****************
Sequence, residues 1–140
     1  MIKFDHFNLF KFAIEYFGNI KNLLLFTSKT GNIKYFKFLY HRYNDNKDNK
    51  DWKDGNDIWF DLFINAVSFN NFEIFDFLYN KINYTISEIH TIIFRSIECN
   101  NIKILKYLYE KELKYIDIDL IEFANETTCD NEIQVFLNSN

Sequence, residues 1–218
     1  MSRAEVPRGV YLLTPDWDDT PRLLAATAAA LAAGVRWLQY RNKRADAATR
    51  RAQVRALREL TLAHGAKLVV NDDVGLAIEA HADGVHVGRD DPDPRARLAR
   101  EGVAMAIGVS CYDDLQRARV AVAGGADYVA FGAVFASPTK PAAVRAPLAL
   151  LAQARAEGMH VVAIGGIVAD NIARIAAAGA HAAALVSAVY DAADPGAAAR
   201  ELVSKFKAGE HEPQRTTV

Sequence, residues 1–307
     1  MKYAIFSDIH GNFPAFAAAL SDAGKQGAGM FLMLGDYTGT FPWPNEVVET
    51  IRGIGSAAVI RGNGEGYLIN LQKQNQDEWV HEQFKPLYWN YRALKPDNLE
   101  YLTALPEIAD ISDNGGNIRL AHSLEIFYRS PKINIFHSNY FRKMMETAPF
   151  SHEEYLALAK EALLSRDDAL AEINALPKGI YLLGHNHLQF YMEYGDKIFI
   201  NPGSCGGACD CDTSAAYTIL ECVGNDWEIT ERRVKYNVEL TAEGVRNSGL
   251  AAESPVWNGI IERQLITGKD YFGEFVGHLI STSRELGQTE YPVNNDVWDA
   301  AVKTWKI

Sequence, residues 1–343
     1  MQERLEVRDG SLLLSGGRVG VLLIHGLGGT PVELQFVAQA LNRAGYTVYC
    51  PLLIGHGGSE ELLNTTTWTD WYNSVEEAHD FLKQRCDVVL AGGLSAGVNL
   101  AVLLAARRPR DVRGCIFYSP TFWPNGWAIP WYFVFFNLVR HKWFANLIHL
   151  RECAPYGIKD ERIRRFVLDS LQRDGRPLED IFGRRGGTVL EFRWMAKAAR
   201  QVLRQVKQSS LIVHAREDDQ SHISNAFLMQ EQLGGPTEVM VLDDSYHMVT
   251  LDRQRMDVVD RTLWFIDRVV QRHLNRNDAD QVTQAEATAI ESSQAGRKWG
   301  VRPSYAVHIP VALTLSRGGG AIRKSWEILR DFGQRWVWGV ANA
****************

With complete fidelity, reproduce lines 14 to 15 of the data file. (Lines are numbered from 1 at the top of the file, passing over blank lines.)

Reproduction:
   101  YLTALPEIAD ISDNGGNIRL AHSLEIFYRS PKINIFHSNY FRKMMETAPF
   151  SHEEYLALAK EALLSRDDAL AEINALPKGI YLLGHNHLQF YMEYGDKIFI